The danger with addictions is they tend to become increasingly
complusive. That might be one moral of this week's events. A few days
ago, expectations were sky-high that the Federal Reserve was about to
reduce its current $85bn monthly bond purchases. But then the Fed
blinked, partly because it is worried that markets have already
over-reacted to the mere thought of a policy shift. Faced with a choice
of curbing the addiction or providing more hits of the QE drug, in other
words, it chose the latter.In many ways this is understandable; the real
economic data is still soft. But as investors try to fathom what the Fed
will (not) do next, it is worth pondering a timely speech made recently
by former UK regulator Lord Turner. As he told Swedish economists last
week, and repeated to central bankers and economists in London this
week, the real story behind the recent dramatic financial sagas – be
that the market dance around QE or the crisis at Lehman Brothers five
years ago – is that western economies have become hooked on
ever-expanding levels of debt.

Until this situation changes it is delusional to think that anyone has
really "fixed" western finance with post-Lehman reforms, or created
truly healthy growth, Lord Turner insists. Put another way – although he
did not say so bluntly – one way to interpret this week's dance around
QE is that policy makers are continuing to prop up a financial system
that is (at best) peculiar and (at worst) unstable.

Such criticisms, of course, are not new: maverick far-right and far-left
economists have been making them for years. But what makes Lord Turner's
contribution notable is that until recently he was sitting at the centre
of the global financial system – and post-Lehman reform process – he now
thinks is so flawed. And from that perspective he points out some
curious contradictions. Take what banks do. A standard economics text
book, Lord Turner writes, claims that banks exist to "raise deposits
from savers and then make loans to borrowers" . . . and "primarily lend
to firms/entrepreneurs to fund investment projects". Thus "demand for
money is a crucial issue" in terms of growth.

But this depiction is a fiction, he says. The reason? He calculates that
today in the UK a mere 15 per cent of total financial flows actually go
into "investment projects"; the rest support existing corporate assets,
real estate or unsecured personal finance to "facilitate lifecycle
consumption smoothing".

Some non-investment finance is socially useful, Lord Turner admits; but
much is not. In real estate, for example, most credit just "funds the
purchase of already existing houses" rather than investment in new homes
(ie construction). And what is really striking about the non-investment
piece of this financial picture is that it has exploded; as a result, as
the Bank of England's Andy Haldane also pointed out in a debate in
London last week, the size of private credit, relative to GDP, has
doubled to 200 per cent in the past 50 years.

This makes a mockery of existing textbooks and official policy
assumptions. But the explosion in credit has another peculiar
implication, both Mr Haldane and Lord Turner note: since total credit
keeps rising inexorably, even as growth remains flat, the "productivity"
of money is falling, even as the propensity of the over-leveraged system
to have booms and busts, amid investor sentiment swings, has risen.

So is there any solution? Lord Turner offers a few ideas. He wants a
radical overhaul of the intellectual models that economists use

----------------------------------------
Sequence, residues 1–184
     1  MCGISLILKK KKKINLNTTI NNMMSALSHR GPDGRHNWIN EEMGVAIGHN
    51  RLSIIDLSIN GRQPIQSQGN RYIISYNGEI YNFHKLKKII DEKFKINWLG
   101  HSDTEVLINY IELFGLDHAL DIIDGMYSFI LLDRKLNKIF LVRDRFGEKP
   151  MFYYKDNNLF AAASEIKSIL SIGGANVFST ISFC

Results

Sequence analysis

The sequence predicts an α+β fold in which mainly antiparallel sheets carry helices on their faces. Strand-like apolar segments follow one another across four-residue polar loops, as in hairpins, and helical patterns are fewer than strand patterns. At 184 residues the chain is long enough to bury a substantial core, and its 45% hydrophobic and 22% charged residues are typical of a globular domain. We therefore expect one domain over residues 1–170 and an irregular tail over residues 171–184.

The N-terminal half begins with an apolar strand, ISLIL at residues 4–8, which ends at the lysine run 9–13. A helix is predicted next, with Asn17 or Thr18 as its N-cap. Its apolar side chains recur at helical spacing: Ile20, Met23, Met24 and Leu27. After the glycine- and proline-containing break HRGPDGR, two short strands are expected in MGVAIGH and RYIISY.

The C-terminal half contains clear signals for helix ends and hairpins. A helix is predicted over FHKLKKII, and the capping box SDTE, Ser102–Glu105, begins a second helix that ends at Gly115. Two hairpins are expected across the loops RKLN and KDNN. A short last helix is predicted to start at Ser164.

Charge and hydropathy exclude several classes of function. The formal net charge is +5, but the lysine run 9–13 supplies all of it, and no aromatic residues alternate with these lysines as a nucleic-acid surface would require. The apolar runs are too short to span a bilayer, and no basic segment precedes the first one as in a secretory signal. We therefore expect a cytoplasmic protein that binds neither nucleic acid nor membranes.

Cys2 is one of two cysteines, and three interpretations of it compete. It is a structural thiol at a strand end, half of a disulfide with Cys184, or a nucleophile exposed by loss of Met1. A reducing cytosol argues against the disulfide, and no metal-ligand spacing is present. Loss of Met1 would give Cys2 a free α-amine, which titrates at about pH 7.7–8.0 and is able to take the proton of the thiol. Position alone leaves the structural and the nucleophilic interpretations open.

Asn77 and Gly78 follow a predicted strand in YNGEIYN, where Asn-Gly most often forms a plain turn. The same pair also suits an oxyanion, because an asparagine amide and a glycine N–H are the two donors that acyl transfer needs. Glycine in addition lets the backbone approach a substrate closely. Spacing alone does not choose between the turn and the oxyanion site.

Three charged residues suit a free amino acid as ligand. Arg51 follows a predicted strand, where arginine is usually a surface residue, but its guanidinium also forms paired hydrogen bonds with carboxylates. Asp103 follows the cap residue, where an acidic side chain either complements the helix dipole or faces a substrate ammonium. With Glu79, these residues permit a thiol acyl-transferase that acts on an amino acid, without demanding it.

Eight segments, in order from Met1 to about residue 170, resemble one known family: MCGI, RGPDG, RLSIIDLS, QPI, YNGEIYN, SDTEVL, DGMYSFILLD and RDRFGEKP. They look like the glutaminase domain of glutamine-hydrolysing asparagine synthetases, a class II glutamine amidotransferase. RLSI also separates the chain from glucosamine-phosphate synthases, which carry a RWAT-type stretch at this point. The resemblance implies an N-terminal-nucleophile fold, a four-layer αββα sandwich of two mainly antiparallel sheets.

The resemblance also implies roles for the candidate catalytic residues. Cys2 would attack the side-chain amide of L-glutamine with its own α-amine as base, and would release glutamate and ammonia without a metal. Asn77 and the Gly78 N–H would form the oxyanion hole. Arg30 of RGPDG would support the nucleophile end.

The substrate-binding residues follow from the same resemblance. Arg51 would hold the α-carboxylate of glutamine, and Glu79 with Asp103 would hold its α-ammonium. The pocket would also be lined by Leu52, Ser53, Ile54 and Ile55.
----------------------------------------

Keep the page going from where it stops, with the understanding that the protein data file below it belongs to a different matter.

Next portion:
(including, presumably, those in central banks.) He also wants policy
makers to deliberately reduce credit. Thus the Basel III framework for
banks should have tough counter-cyclical capital requirements, he
argues, and regulators should reintroduce "into the policy toolkit
quantitative reserve requirements, which more directly constrain banking
multipliers and thus credit growth than do increases in capital

Now, of course, that is not happening; on the contrary, British banks
are under political pressure to provide more mortgages, as house prices
hit new peaks, and the Fed is so determined to kickstart the US housing
market it keeps gobbling up those mortgage bonds. Of course, the
official policy line is that this is just a temporary affair: once there
is strong, sustainable growth, this will stop.

But don't bet on that soon; or not in a world where asset prices and
animal spirits are now so dependent on cheap money, and so central in
driving growth. Either way, as investors celebrate this week's QE
decision, they would do well to remember that 15 per cent estimate for
productive investment. And it would be fascinating if somebody tried to
work out what the ratio for the US economy is today. Particularly if
that calculation was to emerge from the Fed.

(5) The Failure of Free-Market Finance, by Adair Turner


The Failure of Free-Market Finance

Adair Turner

Adair Turner, former Chairman of the United Kingdom's Financial Services
Authority, is a member of the UK's Financial Policy Committee and the
House of Lords.

Sep. 4, 2013

LONDON – Five years after the collapse of the US investment bank Lehman
Brothers, the world has still not addressed the fundamental cause of the
subsequent financial crisis – an excess of debt. And that is why
economic recovery has progressed much more slowly than anyone expected
(in some countries, it has not come at all).

Most economists, central bankers, and regulators not only failed to
foresee the crisis, but also believed that financial stability was
assured so long as inflation was low and stable. And, once the immediate
crisis had been contained, we failed to foresee how painful its
consequences would be.

Official forecasts in the spring of 2009 anticipated neither a slow
recovery nor that the initial crisis, which was essentially confined to
the United States and the United Kingdom, would soon fuel a knock-on
crisis in the eurozone. And market forces did not come close to